The Liberal-National merger is being portrayed by Lawrence Springborg as unstoppable, and much of the media has bought into that, especially after the carefully-managed announcement last weekend by Queensland Liberal president Gary Spence and his Nats counterpart Bruce McIver, that a draft merger proposal had been agreed. Brendan Nelson’s indication that Federal Liberal support was no longer contingent on a Federal merger will reinforce this.
But Queensland federal Liberals say the merger remains in serious danger of being knocked backed by the Queensland Liberal party membership, which is to consider the Spence proposal next month. The Queensland membership has been portrayed by pro-merger forces as overwhelmingly supportive of shacking up with the Nats, but that’s pure spin.
One Federal Liberal says the membership vote will be close, and could go either way.
“It’ll split 60-40, but which way I don’t know.”
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The basic proposal for the new Liberal National party is said to propose a 100-strong council elected by divisions across the state, led by a 10-person board. Current MPs would be “grandfathered” and retain preselection. The party would be a division of the federal Liberal Party. Becoming a division of the Liberals will requires federal Liberal approval, and the proposal will therefore be carefully assessed by federal Liberal lawyers. The proposal could yet fall over on financial and legal grounds, but you’d have to assume these would be overcome if both sides want it.
Springborg claims the new party would be a “moderate, middle of the road political party” but moderate Queensland Liberals like Senator Sue Boyce are deeply concerned that the new party will be significantly more conservative than the Liberal Party.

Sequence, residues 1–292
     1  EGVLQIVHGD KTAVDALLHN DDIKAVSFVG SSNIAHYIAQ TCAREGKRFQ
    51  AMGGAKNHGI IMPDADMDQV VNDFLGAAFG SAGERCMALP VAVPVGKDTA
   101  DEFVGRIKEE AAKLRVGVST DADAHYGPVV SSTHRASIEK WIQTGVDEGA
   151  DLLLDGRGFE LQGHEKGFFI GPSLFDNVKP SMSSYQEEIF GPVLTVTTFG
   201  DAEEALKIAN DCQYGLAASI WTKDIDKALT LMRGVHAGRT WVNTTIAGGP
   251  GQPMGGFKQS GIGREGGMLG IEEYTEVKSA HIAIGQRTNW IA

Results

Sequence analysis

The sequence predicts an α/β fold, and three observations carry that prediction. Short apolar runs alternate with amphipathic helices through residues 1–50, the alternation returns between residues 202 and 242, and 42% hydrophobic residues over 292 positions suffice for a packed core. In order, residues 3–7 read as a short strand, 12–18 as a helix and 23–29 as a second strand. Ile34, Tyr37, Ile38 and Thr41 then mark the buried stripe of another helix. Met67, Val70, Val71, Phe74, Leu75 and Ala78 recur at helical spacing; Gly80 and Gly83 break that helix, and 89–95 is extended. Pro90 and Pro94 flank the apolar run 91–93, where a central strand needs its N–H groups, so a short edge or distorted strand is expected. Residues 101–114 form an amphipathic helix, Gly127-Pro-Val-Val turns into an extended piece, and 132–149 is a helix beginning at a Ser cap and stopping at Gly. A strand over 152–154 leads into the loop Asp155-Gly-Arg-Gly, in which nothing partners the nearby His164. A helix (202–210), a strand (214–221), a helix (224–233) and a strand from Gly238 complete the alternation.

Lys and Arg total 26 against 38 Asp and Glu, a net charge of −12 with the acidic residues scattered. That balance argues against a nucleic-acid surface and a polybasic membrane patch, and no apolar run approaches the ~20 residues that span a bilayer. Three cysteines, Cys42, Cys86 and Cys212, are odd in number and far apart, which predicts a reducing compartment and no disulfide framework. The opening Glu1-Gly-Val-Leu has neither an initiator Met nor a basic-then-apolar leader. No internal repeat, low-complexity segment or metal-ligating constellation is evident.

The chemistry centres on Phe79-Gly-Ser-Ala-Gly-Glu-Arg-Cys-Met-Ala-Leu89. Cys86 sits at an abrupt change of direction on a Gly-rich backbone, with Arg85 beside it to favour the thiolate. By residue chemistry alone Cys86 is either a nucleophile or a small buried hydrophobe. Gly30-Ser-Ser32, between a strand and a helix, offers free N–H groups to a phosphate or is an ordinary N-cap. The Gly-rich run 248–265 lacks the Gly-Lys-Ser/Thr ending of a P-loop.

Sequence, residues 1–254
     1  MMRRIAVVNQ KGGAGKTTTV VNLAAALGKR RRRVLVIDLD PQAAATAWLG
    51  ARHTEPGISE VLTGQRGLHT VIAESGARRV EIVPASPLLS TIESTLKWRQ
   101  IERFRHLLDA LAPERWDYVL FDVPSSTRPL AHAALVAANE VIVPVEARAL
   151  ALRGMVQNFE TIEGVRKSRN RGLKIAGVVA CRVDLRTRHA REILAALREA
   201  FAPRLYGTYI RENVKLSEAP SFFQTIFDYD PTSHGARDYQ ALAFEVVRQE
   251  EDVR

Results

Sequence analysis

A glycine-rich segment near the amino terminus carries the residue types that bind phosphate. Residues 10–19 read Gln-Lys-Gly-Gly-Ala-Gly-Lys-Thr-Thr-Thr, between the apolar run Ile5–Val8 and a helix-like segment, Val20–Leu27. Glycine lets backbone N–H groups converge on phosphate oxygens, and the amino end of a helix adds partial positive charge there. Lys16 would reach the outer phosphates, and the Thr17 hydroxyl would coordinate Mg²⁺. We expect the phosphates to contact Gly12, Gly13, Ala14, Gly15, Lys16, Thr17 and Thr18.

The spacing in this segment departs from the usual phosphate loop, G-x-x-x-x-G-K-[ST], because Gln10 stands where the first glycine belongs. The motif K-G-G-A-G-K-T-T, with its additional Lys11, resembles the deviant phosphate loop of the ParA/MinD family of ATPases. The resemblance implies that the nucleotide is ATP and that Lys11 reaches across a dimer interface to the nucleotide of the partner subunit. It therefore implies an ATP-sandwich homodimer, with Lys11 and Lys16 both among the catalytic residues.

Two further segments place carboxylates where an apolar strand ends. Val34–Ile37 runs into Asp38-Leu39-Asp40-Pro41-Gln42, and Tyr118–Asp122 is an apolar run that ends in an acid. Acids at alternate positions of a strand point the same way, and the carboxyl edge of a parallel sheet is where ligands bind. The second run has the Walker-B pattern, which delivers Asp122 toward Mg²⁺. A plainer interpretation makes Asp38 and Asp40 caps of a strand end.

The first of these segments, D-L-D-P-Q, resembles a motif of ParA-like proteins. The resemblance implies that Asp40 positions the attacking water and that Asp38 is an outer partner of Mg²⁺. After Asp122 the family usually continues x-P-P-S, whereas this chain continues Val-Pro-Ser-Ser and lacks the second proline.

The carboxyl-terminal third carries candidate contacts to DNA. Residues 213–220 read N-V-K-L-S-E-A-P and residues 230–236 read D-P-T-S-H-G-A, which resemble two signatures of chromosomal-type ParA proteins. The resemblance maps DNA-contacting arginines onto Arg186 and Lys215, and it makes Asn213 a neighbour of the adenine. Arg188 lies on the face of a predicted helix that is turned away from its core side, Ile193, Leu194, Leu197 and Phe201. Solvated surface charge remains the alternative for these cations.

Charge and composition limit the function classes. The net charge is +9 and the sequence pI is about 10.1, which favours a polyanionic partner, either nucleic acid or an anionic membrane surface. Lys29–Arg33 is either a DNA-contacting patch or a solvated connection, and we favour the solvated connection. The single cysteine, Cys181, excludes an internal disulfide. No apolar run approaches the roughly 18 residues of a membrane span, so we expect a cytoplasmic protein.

They’re dead right. The proposal is a National takeover. The Nats membership base in Queensland is 10,000 strong compared to the Liberals’ 4000-odd. Moreover, the proposal calls for the Nationals’ regional constituency to be “fully enfranchised” in the new structure, which sounds like code for that great National party tradition of a gerrymander.
The merger is also being heavily backed by mining billionaire Clive Palmer, a former Nationals state director, who has supported the merger financially. Palmer is close to Queensland Federal Liberal Michael Johnson, and has funded some of Johnson’s extensive overseas travel. Last week, Johnson hosted a debate between Springborg and merger opponent George Brandis.
Springborg may present as urbane and affable, but the reactionaries, rorters and rent-seekers who comprise the heart and soul of the National Party will be in charge.
The mystery is why, when people in the south-east corner of Queensland refuse point-blank to vote for the Nationals now, any Liberal thinks they’ll vote for “Liberal Nationals”, led by a Nat and controlled by the Nationals membership.
“It’s because they’re desperate to win,” said one Liberal.
“They’ll do anything.”
While the numbers are different, a federal merger would represent a similar shift to the right for the new conservative force. This is why many Liberal conservatives are gung-ho for a merger but moderates like Malcolm Turnbull and Christopher Pyne are opposed. The progressive strain within the Liberal Party has been repressed since the ascension of John Howard and the party dries in the 1980s.
Howard’s departure represents the best opportunity in a generation for the Liberal Party to return to its more progressive tradition.
A merger with the Nats will kill that off yet again.